EFFECT OF HIGH LEVELS OF HEMIN ON THE ANTIOXIDANT DEFENSE SYSTEM OF TRYPANOSOMA CRUZI

 

Alejandra Ciccarelli, Elisa Lombardo, Lidia Araujo & Alcira Batlle

 

Centro de Investigaciones sobre Porfirinas y Porfirias (CIPYP), CONICET-University of Buenos Aires, Argentina

 

Trypanosomatid protozoa need heme compounds for growth in vitro. For T. cruzi epimastigotes grown under different hemin concentrations in the medium, we have previously observed that 5 mg/l hemin was the concentration yielding optimum growth, whilst concentrations above 15 mg/l clearly decreased growth rate, producing undesiderable morphologic changes.

Because porphyrins are an important source of oxidative stress in biologycal systems, we have evaluated the oxidant response to the presence of high levels of hemin in the culture medium of T. cruzi. Employing concentrations between 0-30 mg/l we have measured: 1) total protein content, 2) the antioxidant defense system including the enzymes: superoxide dismutase (SOD), ascorbate peroxidase (APx), trypanothione reductase (TryR) and total thiols content.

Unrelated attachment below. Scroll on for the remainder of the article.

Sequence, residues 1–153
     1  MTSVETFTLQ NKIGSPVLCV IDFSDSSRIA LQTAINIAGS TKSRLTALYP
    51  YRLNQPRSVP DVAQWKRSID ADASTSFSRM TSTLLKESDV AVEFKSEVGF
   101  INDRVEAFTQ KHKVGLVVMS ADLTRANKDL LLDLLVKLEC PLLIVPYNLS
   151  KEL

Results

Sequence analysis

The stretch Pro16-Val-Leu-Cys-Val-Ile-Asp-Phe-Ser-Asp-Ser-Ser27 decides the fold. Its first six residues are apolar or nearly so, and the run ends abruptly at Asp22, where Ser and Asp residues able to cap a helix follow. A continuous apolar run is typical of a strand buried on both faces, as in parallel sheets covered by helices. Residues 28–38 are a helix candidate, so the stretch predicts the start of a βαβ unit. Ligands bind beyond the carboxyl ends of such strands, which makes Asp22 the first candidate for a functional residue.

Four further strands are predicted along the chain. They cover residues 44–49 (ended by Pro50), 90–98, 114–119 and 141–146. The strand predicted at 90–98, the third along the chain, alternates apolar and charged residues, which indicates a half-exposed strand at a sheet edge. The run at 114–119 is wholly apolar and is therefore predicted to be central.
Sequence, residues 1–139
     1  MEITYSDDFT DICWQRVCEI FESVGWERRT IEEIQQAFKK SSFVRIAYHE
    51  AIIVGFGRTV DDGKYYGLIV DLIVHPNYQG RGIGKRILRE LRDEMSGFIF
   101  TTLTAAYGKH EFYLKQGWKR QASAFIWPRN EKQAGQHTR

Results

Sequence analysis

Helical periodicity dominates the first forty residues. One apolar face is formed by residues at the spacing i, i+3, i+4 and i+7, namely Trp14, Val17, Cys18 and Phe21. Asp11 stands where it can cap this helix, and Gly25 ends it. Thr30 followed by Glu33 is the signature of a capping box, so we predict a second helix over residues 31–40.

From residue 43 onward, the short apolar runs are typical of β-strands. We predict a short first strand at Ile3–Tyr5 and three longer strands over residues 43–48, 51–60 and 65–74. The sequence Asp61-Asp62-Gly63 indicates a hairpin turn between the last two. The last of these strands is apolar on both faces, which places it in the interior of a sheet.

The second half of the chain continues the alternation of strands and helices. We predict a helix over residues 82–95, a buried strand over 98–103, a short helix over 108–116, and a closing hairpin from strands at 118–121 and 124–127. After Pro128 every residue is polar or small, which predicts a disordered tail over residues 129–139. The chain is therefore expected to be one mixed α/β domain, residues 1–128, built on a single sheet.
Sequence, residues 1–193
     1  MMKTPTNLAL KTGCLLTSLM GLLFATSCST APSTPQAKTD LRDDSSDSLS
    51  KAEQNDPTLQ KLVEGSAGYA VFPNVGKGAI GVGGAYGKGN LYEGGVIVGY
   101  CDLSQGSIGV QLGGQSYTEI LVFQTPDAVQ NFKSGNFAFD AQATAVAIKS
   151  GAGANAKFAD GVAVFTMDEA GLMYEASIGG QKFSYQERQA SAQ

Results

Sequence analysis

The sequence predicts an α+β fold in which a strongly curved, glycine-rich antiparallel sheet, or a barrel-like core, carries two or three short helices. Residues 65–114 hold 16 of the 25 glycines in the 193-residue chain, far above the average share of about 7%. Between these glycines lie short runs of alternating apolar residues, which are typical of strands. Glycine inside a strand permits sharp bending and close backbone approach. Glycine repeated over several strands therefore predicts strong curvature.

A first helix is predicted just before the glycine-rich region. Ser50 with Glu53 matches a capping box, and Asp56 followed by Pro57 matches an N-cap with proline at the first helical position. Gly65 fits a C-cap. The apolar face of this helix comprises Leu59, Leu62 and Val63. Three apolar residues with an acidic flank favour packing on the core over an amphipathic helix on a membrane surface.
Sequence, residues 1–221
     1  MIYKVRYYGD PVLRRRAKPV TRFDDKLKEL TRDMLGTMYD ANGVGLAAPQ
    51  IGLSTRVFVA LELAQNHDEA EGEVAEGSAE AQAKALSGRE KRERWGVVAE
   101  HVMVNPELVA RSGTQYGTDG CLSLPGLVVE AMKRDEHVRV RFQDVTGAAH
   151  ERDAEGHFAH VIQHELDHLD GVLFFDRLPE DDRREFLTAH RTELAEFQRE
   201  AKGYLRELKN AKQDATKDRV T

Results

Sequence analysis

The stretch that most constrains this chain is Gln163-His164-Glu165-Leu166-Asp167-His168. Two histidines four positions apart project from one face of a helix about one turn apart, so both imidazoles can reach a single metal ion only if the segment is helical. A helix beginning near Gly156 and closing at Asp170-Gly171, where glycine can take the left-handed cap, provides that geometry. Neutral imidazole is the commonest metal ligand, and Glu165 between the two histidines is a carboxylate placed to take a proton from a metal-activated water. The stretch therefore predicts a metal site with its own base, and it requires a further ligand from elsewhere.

Level of total proteins was determined for hemin concentrations 0, 10 and 30 mg/l between 3-7 days of growth. Without hemin, protein concentration progressively increased from 6.41 ± 0.18 to 8.73 ± 0.25 mg/106cel, whilst for hemin 10 mg/l the values were 10-15% higher, showing a maximum level at day 5 of growth, without changing thereafter. For hemin 30 mg/l a different behaviour was obtained, the concentration of proteins increased within 3-5 days (from 9.26 ± 0.10 to 10.12 ± 0.08 mg/106cel), and then progressively decrease to 7.24 ± 0.25 mg/106cel. The antioxidant enzymes showed a maximum activity at hemin 5 mg/l (SOD 4.50 ± 0.05 UE/mg, APx 9.50 ± 0.04 UE/mg and TryR 3.72 ± 0.08 UE/mg). For hemin 5-30 mg/l TryR and SOD activity decreased about 30-35% whilst APx activity diminished 20%. Thiols levels showed a constant value (15.53 ± 0.89 nmoles/mg prot) for hemin 0-10 mg/l and then decreased to 9.54 ± 0.46 nmoles /mg prot for hemin 30 mg/l.

These findings provide strong evidence for the existence of a direct correlation between high extracellular hemin concentrations and cellular oxidative damage.